Little Italy, Baltimore

Little Italy is a neighborhood located in southeastern Baltimore, Maryland. The neighborhood is known for its strong Italian-American heritage and identity. The neighborhood is still mostly populated by the decedents of Italian-American immigrants and remains a closely-knit ethnic enclave.

Due to its close proximity to desirable neighborhoods such as Fell's Point, Upper Fell's Point and Harbor East, real estate values in Little Italy have become high in recent years. Another cause for the neighborhood's competitive real estate market is the lack of properties entering the market due to the longstanding neighborhood tradition of keeping houses within the family. Each summer, the Little Italy community hosts an outdoor film festival where outdoor movies are projected onto a wall at the intersection of High and Stiles Streets.

Little Italy, Syracuse

Little Italy Syracuse is an ethnic enclave in Syracuse, New York that contains several bakeries, cafés, pizzerias, restaurants, beauty salons, shops, bars and nightclubs. The main street in the neighborhood is North Salina Street.

Italian immigrants began to settle in the Northside of Syracuse in the early 1880s, however, the neighborhood was not officially designated as Little Italy until 2003.

Little Pakistan

Little Pakistan is a general name for an ethnic enclave populated primarily by Pakistanis or people of Pakistani ancestry (overseas Pakistanis), usually in an urban neighborhood.

Little Tibet, Toronto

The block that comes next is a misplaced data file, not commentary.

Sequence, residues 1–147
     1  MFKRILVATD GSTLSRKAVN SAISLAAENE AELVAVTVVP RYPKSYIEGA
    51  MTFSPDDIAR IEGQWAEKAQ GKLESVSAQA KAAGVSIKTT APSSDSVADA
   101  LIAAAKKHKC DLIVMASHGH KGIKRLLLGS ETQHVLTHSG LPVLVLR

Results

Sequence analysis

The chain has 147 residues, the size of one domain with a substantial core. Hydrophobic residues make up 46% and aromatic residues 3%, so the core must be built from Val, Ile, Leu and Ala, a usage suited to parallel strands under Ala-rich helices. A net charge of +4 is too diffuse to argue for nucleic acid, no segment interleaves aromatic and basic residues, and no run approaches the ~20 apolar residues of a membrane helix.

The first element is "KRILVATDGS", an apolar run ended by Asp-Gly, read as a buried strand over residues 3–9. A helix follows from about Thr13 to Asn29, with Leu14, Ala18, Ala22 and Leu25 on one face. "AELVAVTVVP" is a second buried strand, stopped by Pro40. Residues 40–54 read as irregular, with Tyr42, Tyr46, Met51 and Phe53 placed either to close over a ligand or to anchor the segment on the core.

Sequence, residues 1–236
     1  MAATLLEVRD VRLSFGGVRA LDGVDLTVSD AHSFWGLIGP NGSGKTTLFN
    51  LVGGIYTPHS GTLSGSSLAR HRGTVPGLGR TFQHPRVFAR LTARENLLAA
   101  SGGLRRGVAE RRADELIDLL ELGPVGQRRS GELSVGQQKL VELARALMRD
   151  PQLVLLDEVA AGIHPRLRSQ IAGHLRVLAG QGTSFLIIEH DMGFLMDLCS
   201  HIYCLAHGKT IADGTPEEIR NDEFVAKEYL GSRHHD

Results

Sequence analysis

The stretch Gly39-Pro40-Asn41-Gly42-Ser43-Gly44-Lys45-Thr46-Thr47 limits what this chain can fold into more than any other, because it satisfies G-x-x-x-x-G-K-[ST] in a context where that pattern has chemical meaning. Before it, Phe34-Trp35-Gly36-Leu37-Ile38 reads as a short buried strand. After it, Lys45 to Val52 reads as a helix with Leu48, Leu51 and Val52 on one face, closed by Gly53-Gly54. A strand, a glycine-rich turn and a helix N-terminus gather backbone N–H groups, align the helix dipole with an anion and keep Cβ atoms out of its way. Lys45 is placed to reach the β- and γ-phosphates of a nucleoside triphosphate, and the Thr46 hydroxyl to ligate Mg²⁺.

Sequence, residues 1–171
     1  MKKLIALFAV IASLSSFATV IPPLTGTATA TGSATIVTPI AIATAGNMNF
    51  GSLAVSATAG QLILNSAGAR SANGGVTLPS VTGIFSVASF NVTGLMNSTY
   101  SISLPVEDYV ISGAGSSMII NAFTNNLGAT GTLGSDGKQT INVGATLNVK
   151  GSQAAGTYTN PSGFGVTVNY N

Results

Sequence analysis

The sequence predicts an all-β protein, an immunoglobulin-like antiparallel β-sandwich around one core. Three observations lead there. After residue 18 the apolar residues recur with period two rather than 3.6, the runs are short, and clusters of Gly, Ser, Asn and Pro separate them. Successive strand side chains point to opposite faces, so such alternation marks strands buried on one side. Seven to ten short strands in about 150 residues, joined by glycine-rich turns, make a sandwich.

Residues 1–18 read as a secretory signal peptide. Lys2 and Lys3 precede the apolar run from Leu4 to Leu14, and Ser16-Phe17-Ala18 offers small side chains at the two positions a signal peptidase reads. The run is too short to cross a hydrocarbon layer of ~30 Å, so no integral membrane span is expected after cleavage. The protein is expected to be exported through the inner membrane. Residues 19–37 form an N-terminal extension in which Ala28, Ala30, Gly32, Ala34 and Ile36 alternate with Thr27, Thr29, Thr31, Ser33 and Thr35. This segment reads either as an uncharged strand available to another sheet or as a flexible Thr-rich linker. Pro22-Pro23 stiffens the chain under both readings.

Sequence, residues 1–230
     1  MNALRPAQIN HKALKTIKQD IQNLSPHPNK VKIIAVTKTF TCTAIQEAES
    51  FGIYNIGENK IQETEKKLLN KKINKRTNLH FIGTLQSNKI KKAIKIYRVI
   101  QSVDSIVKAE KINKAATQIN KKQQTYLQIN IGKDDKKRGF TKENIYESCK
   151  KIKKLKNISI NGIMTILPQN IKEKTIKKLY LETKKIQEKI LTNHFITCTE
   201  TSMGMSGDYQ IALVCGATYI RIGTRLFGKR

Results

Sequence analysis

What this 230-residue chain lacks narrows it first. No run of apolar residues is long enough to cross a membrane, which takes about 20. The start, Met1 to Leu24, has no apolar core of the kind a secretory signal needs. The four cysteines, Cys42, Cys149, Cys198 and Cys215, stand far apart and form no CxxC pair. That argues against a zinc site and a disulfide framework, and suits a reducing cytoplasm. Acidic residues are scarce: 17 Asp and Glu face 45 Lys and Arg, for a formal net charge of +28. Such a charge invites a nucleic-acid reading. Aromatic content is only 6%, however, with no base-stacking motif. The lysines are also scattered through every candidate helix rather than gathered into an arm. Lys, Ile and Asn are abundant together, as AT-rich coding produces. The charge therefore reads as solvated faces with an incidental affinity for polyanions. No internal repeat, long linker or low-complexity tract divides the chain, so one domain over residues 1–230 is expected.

Little Tibet is an Asian ethnic enclave within the neighbourhood of Parkdale in Toronto, Ontario, Canada. The area bound by Queen St. W. to the north, the Gardiner Expressway to the west and south, and Atlantic Avenue to the east known for a large number of Tibetan emigres and Tibetan related businesses and restaurants. There is also a growing Tibetan community nearby in South Etobicoke.Almost 3,000 Tibetans moved to Toronto from 1998 to 2008 making the city the home of the largest Tibetan Canadian community in North America. More than half of the city's Tibetans settled in Parkdale according to the 2006 census.The centre of Little Tibet is six blocks of Queen Street West starting at Sorauren Avenue west towards Roncesvalles Avenue where there is a concentration of Tibetan restaurants and shops with varying Indian, Nepalese and Chinese influence depending on the owners. To the north in The Junction is the Riwoche Tibetan Buddhist Temple. Further west is the Tibetan Canadian Cultural Centre at 40 Titan Road which opened in 2007.Parkdale Collegiate Institute, on Jameson Avenue, has a 40% Tibetan student population, a demographic that continues to grow. In a study, Toronto journalist Patrick Cain found the name 'Tenzin' to be the most popular baby name in Parkdale, where Little Tibet is located.